Bill seeks to reduce pollution from last mile warehouses

Assembly Member Marcela Mitaynes (Marcela for NY, iStock)

As the spread of last-mile warehouses accelerates in New York, a lawmaker aims to reduce the pollution that follows.

Congresswoman Marcela Mitaynes introduced a bill this week to reduce pollution from truck exhaust associated with these warehouses, The City reported. The bill would require the New York Department of Environmental Conservation to pass a rule that labels e-commerce facilities as “indirect sources” of air pollution.

New York would be the first to adopt this type of rule at the state level, which would require warehouse operators to develop plans to reduce air pollution. It would also create a points system, where facilities can earn credits for more environmentally friendly actions, such as using electric vehicles or bicycles.

The legislation would also affect the warehouse pipeline. New developments or significant alterations would face a permitting process that includes an environmental review, allowing the public to intervene. Warehouses would also not be allowed to worsen levels of several harmful pollutants.

Mitaynes represents Assembly District 51, the site of several recent industrial transactions encompassing major lots and warehouses in Red Hook and Sunset Park. Local activists have pushed back on the installations, citing an unregulated environmental impact that disproportionately affects communities of color.

A similar rule has already been adopted in Southern California. The agency that oversees pollution in the region predicted it would lead to up to 300 fewer deaths, 5,800 fewer asthma attacks and public health benefits ranging from $1.2 billion to $2.7 billion. .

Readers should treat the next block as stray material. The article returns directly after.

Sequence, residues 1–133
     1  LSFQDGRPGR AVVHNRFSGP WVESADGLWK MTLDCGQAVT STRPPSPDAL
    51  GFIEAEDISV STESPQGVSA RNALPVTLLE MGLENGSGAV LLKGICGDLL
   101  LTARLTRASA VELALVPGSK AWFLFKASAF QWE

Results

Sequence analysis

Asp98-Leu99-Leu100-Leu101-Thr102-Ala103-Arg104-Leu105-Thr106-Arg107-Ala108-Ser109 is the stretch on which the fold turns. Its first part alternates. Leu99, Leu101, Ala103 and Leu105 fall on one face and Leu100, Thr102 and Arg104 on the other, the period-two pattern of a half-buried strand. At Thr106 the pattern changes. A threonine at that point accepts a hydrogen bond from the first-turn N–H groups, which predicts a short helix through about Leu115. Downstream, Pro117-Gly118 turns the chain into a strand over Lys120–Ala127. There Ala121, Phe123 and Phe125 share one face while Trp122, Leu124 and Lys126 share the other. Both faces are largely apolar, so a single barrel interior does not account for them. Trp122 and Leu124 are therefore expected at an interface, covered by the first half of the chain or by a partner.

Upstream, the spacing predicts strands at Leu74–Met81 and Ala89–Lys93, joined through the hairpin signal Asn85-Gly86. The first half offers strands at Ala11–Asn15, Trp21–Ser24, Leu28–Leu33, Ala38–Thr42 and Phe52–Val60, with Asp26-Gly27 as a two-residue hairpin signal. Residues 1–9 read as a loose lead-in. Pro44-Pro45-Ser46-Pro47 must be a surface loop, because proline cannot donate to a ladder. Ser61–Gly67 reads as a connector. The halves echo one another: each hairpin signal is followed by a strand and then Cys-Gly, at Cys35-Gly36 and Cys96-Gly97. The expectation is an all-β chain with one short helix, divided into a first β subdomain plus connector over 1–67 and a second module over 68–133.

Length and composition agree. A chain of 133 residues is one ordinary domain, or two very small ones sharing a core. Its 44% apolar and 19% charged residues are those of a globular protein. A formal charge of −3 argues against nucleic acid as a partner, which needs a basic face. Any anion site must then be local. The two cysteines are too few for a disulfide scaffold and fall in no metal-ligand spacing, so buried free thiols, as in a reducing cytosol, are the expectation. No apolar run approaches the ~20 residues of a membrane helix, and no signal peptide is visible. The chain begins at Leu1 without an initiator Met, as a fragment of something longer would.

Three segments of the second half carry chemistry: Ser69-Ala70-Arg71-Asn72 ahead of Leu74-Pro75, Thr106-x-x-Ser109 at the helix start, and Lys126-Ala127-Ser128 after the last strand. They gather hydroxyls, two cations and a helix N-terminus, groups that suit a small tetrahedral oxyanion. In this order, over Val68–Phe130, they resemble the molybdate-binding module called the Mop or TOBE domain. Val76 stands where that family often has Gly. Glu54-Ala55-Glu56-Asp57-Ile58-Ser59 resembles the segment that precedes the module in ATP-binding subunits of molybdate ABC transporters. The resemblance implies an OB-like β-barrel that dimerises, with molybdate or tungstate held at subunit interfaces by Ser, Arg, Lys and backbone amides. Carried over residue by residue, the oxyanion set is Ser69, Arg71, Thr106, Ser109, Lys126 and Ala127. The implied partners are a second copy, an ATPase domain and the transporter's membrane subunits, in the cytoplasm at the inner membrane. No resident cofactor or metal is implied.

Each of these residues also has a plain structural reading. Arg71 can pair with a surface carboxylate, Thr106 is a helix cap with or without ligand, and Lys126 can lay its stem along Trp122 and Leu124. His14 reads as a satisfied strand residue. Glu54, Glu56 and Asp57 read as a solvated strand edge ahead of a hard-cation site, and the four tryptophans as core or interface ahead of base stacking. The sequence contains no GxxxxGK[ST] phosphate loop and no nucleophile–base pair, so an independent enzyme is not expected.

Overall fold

In response to the legislation, Amazon told The City that the company is “committed to finding innovative solutions to reduce emissions.”

Last-mile installations are becoming ubiquitous across the country as e-commerce continues to increase. During the third quarter of 2021, the majority of industrial leases in the United States involved parties seeking less than 100,000 square feet, according to JLL, indicating the typical size of a last-mile facility.

Last year, residents of Red Hook sounded the alarm about traffic problems and overbuilding in the area as developers took advantage of zoning that allows delivery centers to be built without special permits or environmental studies. environmental impact.

The local push came amid plans to build several last-mile facilities in the area, including the 1.2 million square foot UPS facility on a 12-acre waterfront site. The Gindi, Chetrit and Nakash families have also formed a joint venture with Bridge Investment Group to develop a warehouse on a $45 million site on the outskirts of the neighborhood.

[The City] —Holden Walter-Warner